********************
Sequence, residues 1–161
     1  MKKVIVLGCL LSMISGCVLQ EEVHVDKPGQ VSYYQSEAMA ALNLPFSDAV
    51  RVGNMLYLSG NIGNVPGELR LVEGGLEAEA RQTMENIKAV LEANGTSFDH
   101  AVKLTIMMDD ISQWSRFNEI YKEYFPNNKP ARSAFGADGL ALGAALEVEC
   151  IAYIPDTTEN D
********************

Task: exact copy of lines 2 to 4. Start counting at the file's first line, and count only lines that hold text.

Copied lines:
     1  MKKVIVLGCL LSMISGCVLQ EEVHVDKPGQ VSYYQSEAMA ALNLPFSDAV
    51  RVGNMLYLSG NIGNVPGELR LVEGGLEAEA RQTMENIKAV LEANGTSFDH
   101  AVKLTIMMDD ISQWSRFNEI YKEYFPNNKP ARSAFGADGL ALGAALEVEC